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Concert Program Cover

First Concert of the 74th Season

3rd Annual Family Fun Concert

Sunday, November 4th, 2012
Cordier Auditorium
Scott Humphries, Conductor

  Suite from The Mask of Zorro James Horner  
  Jack and the Beanstalk J. Scott McKenzie  
  Karen Eberly, narrator  
  Marche Slave, Op. 31 Piotr Ilyich Tchaikovsky  
  Symphony No. 1 ("The Lord of the Rings") Johan de Meij  

I. Gandalf (The Wizard / Shadowfax)
II. Lothlórien (The Elvenwood)
III. Gollum (Smeagol)
IV. Journey in the Dark (The Mines of Moria / The Bridge of Khazad-Dum)
V. Hobbits

  Jack Gochenaur, narrator  

Program Notes by James R. C. Adams

  Suite from The Mask of Zorro James Horner
(b. 1953)

James Horner is a prolific film composer, having scored or partly scored well over one hundred films. He was born in Los Angeles into a film family. His parents were immigrants from Austria, and his father worked in Hollywood as a set designer and director. He began playing the piano at the age of five. He studied at the Royal College of Music in London, and then at the University of Southern California, where he earned a B.A. degree in Music.

Horner's music is heard almost daily on CBS news programs. He has been an Oscar® nominee ten times. His music for the film Titanic won two Oscars®, one for Best Original Dramatic Score, and the other for the song, My Heart Will Go On. The recording of the score for Titanic holds the record for the most sales in history.

He has written the scores for far too many memorable movies to list them all, but a few might jog your memories. Star Trek II and III, Cocoon, Braveheart, Deep Impact, Apollo 13, Apocalypto, Avatar, The Amazing Spider-Man, and, of course, The Mask of Zorro.

The music for The Mask of Zorro sounds, of course, very Spanish. If you recall the story, it is of the Spanish of early California, when it was a colony of Spain. Don Diego de la Vega first appeared in pulp fiction in 1911 in a story by Johnston McCulley. The character, a combination of Robin Hood and the Scarlet Pimpernel, lives on in many manifestations as book sequels, television serials, and many movies. In fact, the character of Zorro ("the fox," in Spanish) was chosen by Douglas Fairbanks and Mary Pickford as the subject of the first film released by their newly-formed United Artists production company. While the character has undergone some changes throughout the years, his purpose continued to be "to avenge the helpless, to punish cruel politicians, and to aid the oppressed."

Horner is certainly an accomplished composer of film scores, but he has at times provoked criticism within the musical ranks through his uncredited use of other people's themes. A case in point was his use of themes of Raymond Scott without attribution in Horner's score for Honey, I Shrunk the Kids. Walt Disney Pictures was sued for "failure to credit the work's original composer." The suit was settled out of court.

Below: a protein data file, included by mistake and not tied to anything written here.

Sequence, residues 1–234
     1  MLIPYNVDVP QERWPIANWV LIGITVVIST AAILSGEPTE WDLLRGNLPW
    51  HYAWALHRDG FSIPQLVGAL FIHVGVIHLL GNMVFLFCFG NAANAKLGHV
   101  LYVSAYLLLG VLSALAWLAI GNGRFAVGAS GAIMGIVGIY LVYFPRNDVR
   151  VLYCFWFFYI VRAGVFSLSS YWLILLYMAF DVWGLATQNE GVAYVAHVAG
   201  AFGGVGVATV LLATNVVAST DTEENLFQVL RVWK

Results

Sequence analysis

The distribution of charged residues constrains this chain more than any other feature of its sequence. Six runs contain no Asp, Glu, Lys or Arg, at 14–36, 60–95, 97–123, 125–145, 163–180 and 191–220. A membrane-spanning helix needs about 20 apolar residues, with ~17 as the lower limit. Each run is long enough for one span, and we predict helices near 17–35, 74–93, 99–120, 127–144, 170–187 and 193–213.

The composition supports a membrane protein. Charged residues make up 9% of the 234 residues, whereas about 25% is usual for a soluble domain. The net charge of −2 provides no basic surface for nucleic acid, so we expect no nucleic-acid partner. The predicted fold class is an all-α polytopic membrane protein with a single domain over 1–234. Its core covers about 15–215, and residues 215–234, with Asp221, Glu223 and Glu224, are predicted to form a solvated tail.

Wikipedia reports that Horner was strongly influenced by the Russian composer Dmitri Shostakovich. If one listens to the soundtrack of the first film that Horner scored, Humanoids from the Deep, that influence is apparent, with themes taken from Shostakovich's symphonies.

I allude to this tendency of Horner's, and the resulting criticism, because in the original soundtrack of The Mask of Zorro he made repeated use of a theme by Cuban composer Ernesto Lecuona without attribution, but that theme does not appear in the suite you hear today. Perhaps between the composition of the soundtrack and the writing of this suite, Horner had second thoughts about including a theme by an unnamed composer.

For the Mask of Zorro Suite, Hroner chose to rescore three episodes: The Plaza of Execution, Zorro's Theme, and the Love Theme. The music has a distinctly Spanish flavor, with castanets, hand-clapping, and trumpet flourishes, especially in the first segment. In the film version, there were also guitar and Flamenco foot-stamping. This is the most dramatic part of the score, reminding one of Alfred Newman's score for Captain from Castille.

  Jack and the Beanstalk for narrator and orchestra J. Scott McKenzie
(b. 1971)

Scott McKenzie refers to his music for Jack and the Beanstalk as his "movie score." It has that episodic quality required of a movie score ... to fit the events unfolding. It was written at the request of the Northern Virginia Manassas Symphony Orchestra as part of its ongoing policy of commissioning the composition of narrated works based on children's books, or fairy-tales, and it was first performed in 2010 at its annual children's concert.

McKenzie's procedure was to select a fairy-tale, and then to acquire a script. He asked his mother, Suzan McKenzie, to write the narration, after which he composed the music to fit "the action."

The music and story are designed to appeal to children in grades five to ten. Consequently, it is melodic, tonal, and easy to grasp. It beings with a waltz, as the narrator introduces the story. As the story is recounted by the narrator, you will hear the music rise and fall, and speed up and slow down to match the action.

Today's performance will be recorded to be used as the representative recording for Mr. McKenzie's publishing web site. McKenzie is actually Major J. Scott McKenzie who is the Associate Conductor for the U.S. Army Field Band.

-- Text by Suzan McKenzie